This course aims to assist permanent missions and international organisations in Geneva to increase their knowledge and capacity to engage in digital commerce-related negotiations and discussions. It provides an interdisciplinary coverage of e-commerce, from both digital and trade perspectives. The course is offered by DiploFoundation (Diplo), CUTS International Geneva, the International Trade Centre (ITC), and the Geneva Internet Platform (GIP).
The course will benefit diplomats who follow digital trade negotiations on the multilateral and bilateral levels. While improving their knowledge of e-commerce, participants will also gain the practical skills and information required to discuss specific digital policy aspects, such as cross-border data flows, data localisation, cybersecurity, consumer protection and the implication of emerging technologies to digital trade, such as the Internet of Things and 3D printing. The course focuses in particular on digital trade negotiations and policy processes taking place in International Geneva.
Due to the blended learning course format which includes weekly face-to-face meetings, registration for this session of the Digital Commerce course is open only to applicants based in Geneva.
1. Global digital flows: Business models and technical enablers. We discuss the notion of global digital flows from a business and a technical perspective. We zoom in to understand how packets of data flow through the digital ‘pipes’ and arrive at their destination, identifying some bottlenecks and vulnerabilities in the digital logistic infrastructure that carries the global flows of online trade. We also examine some online business models which help to explain the soaring flows of data.
2. Digital economy: Economic policy issues of relevance for digital commerce. We consider the economic value of data and the aspects of the digital economy that impact on the development of e-commerce, including digital payment systems, taxation, competition and anti-monopoly policies. We analyse the impact of regulations on data localisation and on access to the source code.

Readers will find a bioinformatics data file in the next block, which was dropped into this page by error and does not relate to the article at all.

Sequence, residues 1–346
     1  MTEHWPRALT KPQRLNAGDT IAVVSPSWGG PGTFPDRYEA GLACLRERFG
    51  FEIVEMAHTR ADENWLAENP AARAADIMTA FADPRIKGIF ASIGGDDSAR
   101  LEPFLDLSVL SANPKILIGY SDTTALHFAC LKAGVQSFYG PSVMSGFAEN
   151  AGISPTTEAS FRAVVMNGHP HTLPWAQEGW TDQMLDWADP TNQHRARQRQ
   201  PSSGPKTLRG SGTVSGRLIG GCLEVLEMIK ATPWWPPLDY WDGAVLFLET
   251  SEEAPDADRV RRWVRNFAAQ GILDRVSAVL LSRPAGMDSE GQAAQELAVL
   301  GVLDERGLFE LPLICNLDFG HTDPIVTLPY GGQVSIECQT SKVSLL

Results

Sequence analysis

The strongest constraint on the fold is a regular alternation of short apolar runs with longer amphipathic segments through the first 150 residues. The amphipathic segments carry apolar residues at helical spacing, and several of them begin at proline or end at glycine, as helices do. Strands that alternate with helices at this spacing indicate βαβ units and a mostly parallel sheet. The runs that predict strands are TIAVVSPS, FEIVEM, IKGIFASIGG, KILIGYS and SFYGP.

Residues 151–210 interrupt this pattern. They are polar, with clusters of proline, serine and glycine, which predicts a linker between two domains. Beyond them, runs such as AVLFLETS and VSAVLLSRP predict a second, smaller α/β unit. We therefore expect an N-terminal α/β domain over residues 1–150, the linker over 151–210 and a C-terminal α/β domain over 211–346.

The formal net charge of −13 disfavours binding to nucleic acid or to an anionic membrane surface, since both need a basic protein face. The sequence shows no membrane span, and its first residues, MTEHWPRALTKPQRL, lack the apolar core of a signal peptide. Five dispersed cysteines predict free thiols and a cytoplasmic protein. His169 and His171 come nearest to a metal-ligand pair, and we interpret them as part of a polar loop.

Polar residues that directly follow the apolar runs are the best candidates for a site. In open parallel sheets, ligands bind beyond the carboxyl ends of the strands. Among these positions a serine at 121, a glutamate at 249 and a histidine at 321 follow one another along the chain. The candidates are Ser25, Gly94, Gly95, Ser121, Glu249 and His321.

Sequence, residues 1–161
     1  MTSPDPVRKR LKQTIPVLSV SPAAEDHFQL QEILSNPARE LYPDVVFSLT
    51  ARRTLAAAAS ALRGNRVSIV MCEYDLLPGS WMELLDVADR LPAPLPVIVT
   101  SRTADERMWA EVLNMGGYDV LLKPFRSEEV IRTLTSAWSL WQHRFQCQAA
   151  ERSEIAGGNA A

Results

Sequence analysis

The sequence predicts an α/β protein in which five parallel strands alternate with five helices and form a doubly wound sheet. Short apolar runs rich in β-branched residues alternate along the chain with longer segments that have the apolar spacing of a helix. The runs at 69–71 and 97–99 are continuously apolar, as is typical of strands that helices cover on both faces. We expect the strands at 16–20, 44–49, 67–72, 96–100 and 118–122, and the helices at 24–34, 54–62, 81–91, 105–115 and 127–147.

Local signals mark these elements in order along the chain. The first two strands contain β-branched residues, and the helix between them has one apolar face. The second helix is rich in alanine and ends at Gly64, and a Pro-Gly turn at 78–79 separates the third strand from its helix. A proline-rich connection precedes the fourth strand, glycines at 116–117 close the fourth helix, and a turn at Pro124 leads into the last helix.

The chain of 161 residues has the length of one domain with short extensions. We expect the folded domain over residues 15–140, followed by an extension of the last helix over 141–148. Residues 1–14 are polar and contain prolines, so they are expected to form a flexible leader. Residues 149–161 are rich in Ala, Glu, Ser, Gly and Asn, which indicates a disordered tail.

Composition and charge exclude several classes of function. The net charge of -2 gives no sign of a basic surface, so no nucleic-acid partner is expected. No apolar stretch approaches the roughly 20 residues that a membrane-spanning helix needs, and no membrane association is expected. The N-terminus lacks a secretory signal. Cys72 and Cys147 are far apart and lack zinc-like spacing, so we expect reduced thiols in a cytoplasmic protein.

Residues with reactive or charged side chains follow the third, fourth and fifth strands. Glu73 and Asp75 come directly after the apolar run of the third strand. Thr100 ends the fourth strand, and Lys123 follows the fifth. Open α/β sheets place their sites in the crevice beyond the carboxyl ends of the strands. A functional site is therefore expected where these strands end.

3. Digital commerce in international organisations and regional trade agreements. More than half of the World Trade Organization (WTO) members have signed at least one regional trade agreement (RTA) that contains a standalone digital commerce provision. We analyse key digital commerce provisions in RTAs, as well as trade-related issues being addressed in regional integration initiatives in different parts of the world, including Asia-Pacific and Africa. We discuss the work of international and global organisations that contribute to shaping digital commerce.
4. Digital commerce discussions at the World Trade Organization. The WTO plays an important role in facilitating diplomatic talks about digital commerce within the framework of the multilateral trading system. We summarise the evolution of WTO discussions on digital commerce, including in the lead up to the 12th WTO Ministerial Conference in 2019. We also analyse the plurilateral negotiations on trade-related aspects of e-commerce taking place among some WTO members.
5. Digital commerce and Internet governance. We tackle the interplay between digital governance and trade policy by providing an overview of the inclusion of digital regulatory aspects in trade negotiations. We discuss trade-related aspects of policies in the fields of cybersecurity, encryption, privacy and data protection, and consumer protection.
Module 5 also includes an optional reading: Digital commerce: Emerging technologies and issues. Technology has already significantly transformed trade. We focus on four emerging technologies that revolutionise human activities, including digital commerce: the Internet of things, big data, artificial intelligence, and 3D printing.